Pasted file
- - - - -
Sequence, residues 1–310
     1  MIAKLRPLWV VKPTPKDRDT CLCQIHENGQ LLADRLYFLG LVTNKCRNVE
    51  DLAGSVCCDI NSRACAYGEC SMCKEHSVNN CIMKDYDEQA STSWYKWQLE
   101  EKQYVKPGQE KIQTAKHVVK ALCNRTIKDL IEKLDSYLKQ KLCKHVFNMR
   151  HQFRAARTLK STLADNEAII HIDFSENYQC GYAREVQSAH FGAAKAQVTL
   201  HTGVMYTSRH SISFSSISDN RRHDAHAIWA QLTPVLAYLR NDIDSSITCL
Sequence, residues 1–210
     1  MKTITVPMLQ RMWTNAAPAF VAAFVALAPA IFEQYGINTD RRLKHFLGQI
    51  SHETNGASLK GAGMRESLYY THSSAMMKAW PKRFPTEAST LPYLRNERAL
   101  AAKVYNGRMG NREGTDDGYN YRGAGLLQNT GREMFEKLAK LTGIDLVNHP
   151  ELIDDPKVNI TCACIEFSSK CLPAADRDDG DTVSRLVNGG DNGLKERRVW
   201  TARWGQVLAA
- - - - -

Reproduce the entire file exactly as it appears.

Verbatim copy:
Sequence, residues 1–310
     1  MIAKLRPLWV VKPTPKDRDT CLCQIHENGQ LLADRLYFLG LVTNKCRNVE
    51  DLAGSVCCDI NSRACAYGEC SMCKEHSVNN CIMKDYDEQA STSWYKWQLE
   101  EKQYVKPGQE KIQTAKHVVK ALCNRTIKDL IEKLDSYLKQ KLCKHVFNMR
   151  HQFRAARTLK STLADNEAII HIDFSENYQC GYAREVQSAH FGAAKAQVTL
   201  HTGVMYTSRH SISFSSISDN RRHDAHAIWA QLTPVLAYLR NDIDSSITCL
Sequence, residues 1–210
     1  MKTITVPMLQ RMWTNAAPAF VAAFVALAPA IFEQYGINTD RRLKHFLGQI
    51  SHETNGASLK GAGMRESLYY THSSAMMKAW PKRFPTEAST LPYLRNERAL
   101  AAKVYNGRMG NREGTDDGYN YRGAGLLQNT GREMFEKLAK LTGIDLVNHP
   151  ELIDDPKVNI TCACIEFSSK CLPAADRDDG DTVSRLVNGG DNGLKERRVW
   201  TARWGQVLAA